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What If You’re the Unproductive Partner?

By Karen MacKay

Your firm makes you a partner based on potential—a belief that everything the partners have observed indicates you have the characteristics to be successful. You’ve got what it takes!

But making partner is one thing. Staying partner is quite another.

By now you know the metrics required for continued success in your firm (or if you don’t, you should). You know what impacts profitability in your unique practice area. You know what partners expect of each other in terms of revenue, effort, service to the firm, and service to the community and the profession. They are all contributions that owners make in the business on an ongoing basis.

But What If You’re Not Cutting It?

You are the first to know when you are struggling. You know well ahead of those holding you accountable when you are trending toward “unproductive partner” status. So what do you do? You have three choices.

  • Option One: Attempt creative avoidance. This strategy is destined to get your name on the management committee’s discussion agenda.
  • Option Two: Wait until the managing partner stops by for a chat. This approach is firmly planted in denial. You could, of course, complain about the firm, the leadership or its strategy—an offensive move perhaps, and a clear duck-and-run that is also destined to fail.
  • Option Three: Take corrective action. In exercising this choice, you re-assess your skills, your strengths and your practice and create a proactive plan for your future. And remember, you didn’t get here overnight—this evolved over time. Consider your current state of physical and emotional well-being. If you need medical, spiritual or emotional help, then reach out and get it.

Yes, your future may involve your current firm—or it may evolve into something else. Before choosing what to do next, take a good long look in the mirror.

Consider How You Got Here—And How You’ll Move Forward

There are typically three routes to the land of the unproductive partner: business development, practice management or people management. Following are some ideas for you to consider.

  • Business development. There are many ways to build a practice. Honestly, though, many lawyers inherit one—or, they have good skills combined with being in the right place at the right time. If you have never honed the skills necessary to take what you’ve inherited and grow it, you need to focus on learning business development skills. Networking is at the core. Beyond that you should play to your strengths. If you like to write, do that to build your profile. If you like to speak, get to the podium. Get out of your comfort zone and take on the challenge of building and applying a winning set of business development skills.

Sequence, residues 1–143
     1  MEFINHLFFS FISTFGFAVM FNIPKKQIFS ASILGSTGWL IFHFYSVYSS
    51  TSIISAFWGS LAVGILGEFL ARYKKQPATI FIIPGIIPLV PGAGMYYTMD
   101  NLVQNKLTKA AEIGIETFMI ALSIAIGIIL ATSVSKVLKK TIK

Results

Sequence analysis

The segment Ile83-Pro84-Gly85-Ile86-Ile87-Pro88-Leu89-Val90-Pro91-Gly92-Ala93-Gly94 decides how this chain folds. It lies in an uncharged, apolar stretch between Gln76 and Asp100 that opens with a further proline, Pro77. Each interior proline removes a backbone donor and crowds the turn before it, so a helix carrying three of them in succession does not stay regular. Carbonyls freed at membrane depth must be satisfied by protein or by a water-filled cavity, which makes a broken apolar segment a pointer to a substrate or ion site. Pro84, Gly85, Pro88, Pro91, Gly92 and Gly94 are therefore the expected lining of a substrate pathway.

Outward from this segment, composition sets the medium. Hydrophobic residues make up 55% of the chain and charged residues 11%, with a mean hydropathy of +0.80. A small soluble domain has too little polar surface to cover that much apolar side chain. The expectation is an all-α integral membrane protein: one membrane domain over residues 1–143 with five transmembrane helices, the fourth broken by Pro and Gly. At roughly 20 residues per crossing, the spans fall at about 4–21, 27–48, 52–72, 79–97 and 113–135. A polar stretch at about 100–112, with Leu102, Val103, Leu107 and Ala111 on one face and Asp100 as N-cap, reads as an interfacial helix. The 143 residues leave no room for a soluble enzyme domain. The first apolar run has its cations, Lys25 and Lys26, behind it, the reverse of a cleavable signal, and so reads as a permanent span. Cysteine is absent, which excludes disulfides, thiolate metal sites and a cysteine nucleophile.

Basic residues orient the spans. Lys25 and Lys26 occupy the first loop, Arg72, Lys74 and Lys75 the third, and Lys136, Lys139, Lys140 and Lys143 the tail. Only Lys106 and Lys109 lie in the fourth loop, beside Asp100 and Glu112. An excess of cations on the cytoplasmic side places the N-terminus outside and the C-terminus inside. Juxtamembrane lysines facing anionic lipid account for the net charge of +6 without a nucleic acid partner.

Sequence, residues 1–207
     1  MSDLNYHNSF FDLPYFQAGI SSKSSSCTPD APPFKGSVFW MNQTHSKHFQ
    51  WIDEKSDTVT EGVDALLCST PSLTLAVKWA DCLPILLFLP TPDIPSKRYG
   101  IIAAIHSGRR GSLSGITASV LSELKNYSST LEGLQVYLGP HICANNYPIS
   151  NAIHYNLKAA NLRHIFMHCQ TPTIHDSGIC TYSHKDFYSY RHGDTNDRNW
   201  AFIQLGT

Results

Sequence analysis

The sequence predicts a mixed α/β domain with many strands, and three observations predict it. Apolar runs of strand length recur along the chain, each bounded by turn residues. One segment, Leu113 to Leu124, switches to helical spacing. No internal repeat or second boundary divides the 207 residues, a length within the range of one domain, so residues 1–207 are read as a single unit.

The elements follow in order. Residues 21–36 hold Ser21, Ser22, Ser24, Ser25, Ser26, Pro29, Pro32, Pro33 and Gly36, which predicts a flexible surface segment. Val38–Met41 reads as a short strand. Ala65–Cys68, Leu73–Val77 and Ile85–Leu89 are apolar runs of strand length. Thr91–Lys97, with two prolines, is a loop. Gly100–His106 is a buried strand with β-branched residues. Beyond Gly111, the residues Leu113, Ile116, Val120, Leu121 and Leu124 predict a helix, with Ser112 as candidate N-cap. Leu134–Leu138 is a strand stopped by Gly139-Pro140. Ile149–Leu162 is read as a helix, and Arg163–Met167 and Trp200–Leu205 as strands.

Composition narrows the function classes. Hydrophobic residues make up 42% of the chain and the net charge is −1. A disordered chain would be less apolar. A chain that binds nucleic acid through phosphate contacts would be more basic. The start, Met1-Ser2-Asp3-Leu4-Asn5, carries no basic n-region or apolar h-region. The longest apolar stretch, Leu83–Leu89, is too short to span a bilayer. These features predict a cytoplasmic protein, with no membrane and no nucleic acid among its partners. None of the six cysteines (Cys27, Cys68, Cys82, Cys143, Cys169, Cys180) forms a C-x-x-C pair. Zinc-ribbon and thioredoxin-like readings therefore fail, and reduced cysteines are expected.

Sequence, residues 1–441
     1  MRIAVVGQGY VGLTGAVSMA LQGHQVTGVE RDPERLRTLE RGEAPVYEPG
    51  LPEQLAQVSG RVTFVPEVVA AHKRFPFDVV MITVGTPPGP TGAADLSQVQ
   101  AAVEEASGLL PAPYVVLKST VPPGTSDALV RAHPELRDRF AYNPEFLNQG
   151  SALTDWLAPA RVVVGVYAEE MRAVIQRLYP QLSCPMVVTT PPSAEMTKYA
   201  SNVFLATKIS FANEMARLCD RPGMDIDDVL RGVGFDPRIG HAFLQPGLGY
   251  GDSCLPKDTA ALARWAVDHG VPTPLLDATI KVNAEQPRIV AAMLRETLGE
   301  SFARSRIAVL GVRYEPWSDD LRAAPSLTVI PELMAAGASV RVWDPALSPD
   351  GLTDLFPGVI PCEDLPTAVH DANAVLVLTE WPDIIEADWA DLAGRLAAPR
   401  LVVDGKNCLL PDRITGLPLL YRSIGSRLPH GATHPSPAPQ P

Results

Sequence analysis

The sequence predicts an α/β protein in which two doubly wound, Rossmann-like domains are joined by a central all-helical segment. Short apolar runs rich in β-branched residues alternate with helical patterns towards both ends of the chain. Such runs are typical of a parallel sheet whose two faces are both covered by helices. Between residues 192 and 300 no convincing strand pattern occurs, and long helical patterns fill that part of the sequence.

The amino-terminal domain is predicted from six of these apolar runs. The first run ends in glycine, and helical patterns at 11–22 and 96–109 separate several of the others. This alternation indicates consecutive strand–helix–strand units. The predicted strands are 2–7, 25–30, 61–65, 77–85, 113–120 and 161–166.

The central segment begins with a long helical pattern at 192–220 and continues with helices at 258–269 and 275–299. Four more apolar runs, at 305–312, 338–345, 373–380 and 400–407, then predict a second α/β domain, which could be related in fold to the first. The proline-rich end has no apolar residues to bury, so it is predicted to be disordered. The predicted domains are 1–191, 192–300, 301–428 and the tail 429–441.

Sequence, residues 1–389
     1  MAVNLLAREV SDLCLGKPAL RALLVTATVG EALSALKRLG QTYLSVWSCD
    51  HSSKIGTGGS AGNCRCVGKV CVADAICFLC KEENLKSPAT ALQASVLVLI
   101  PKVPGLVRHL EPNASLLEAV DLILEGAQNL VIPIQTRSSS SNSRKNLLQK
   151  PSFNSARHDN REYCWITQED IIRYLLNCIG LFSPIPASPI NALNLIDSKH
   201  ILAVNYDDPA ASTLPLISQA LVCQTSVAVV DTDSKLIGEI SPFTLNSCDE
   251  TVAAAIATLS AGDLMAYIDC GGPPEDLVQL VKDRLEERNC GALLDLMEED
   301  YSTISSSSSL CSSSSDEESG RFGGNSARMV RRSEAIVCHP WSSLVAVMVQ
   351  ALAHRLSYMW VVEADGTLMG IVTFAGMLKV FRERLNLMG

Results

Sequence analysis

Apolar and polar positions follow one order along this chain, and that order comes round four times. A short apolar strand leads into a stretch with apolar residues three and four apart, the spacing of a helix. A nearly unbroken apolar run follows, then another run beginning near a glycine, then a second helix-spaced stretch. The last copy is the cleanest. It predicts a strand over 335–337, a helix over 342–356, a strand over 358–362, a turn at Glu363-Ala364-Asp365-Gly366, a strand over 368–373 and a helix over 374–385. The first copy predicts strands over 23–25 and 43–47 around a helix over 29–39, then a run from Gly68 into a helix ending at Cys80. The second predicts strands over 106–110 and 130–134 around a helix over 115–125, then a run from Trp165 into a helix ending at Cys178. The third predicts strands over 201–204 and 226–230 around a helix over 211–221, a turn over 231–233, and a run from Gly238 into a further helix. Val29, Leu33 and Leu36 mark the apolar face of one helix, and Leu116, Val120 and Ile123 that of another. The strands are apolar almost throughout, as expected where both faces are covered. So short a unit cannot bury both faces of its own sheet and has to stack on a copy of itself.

• Practice management. In today’s law firms, there is no room for poor practice management. Clients demand efficiency and effectiveness, project management and regular reporting. If you are disorganized, get help with that and make room for new and better work. If you are not capturing time, billing and collecting regularly and in ways your clients want, get help with that. Enlist the help of an appropriate person or two in the firm–either give them nagging rights or the authority to manage this for you.
  • People management. You may have lots of clients and fairly high revenue, but if you burn through staff and associates, you are unproductive. You are eroding profits, negatively impacting culture and losing respect. Stanford professor Robert Sutton wrote a book called The No Asshole Rule: Building a Civilized Workplace and Surviving One That Isn’t. In it, he provides a 24-item self-rating test that answers the question, “Are You a Certified Asshole?” It might help you to find out, in the quiet of your own office if, according to this research, you are a jerk. There are other clues, of course, but if most people avoid having a difficult conversation with you, your bully behavior can go on unchecked for years. Fortunately, everyone is capable of change. So if you value your firm, your capital account and your colleagues, you should take some steps to change your own behavior starting now.
Go Ahead, Take the Reins

No one aspires to be unproductive. If your law practice is eroding—whether for the above or other reasons—get out in front of it. Avoidance and denial are not effective. Meet preemptively with your managing partner to talk about your concerns and discuss how you will turn things around. Invest in yourself. Hire a coach—someone who knows your world and whom you respect. Develop a plan and work on incremental change. Own your issues and move forward. Assemble your own team to help you reach your potential and get back in the game.

Karen MacKay is Founder of Phoenix Legal Inc. and Cofounder of LawFirmKPI, Inc. She consults to law firms on a wide range of issues from strategy to planning through to the unique needs of leaders, practice groups and the challenges before them. Follow her on Twitter @realKarenMacKay.

Illustration ©ImageZoo.

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Categories: Business Development, Daily Dispatch, Legal Career Development, Managing a Law Firm
Originally published August 1, 2012
Last updated June 22, 2013
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